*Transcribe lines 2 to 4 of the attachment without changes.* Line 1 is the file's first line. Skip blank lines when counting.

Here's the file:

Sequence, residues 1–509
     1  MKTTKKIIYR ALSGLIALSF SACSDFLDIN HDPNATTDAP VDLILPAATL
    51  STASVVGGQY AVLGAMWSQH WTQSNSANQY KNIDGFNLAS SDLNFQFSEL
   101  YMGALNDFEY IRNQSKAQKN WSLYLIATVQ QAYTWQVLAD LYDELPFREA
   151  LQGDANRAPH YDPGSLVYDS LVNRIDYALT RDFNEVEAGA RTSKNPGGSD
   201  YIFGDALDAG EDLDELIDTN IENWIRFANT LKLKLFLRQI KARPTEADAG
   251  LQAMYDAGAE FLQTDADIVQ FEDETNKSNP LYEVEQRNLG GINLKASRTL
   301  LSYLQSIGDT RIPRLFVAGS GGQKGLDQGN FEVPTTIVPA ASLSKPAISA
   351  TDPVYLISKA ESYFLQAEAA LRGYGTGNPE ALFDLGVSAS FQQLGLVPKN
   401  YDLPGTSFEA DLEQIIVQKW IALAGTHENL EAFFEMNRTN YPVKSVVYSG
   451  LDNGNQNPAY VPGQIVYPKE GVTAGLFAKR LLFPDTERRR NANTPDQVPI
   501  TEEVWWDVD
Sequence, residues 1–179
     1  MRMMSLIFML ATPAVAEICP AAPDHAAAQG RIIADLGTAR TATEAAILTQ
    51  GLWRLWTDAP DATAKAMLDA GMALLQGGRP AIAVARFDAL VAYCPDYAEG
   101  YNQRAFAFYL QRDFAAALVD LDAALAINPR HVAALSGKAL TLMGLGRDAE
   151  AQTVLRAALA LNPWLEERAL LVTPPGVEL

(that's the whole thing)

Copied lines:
     1  MKTTKKIIYR ALSGLIALSF SACSDFLDIN HDPNATTDAP VDLILPAATL
    51  STASVVGGQY AVLGAMWSQH WTQSNSANQY KNIDGFNLAS SDLNFQFSEL
   101  YMGALNDFEY IRNQSKAQKN WSLYLIATVQ QAYTWQVLAD LYDELPFREA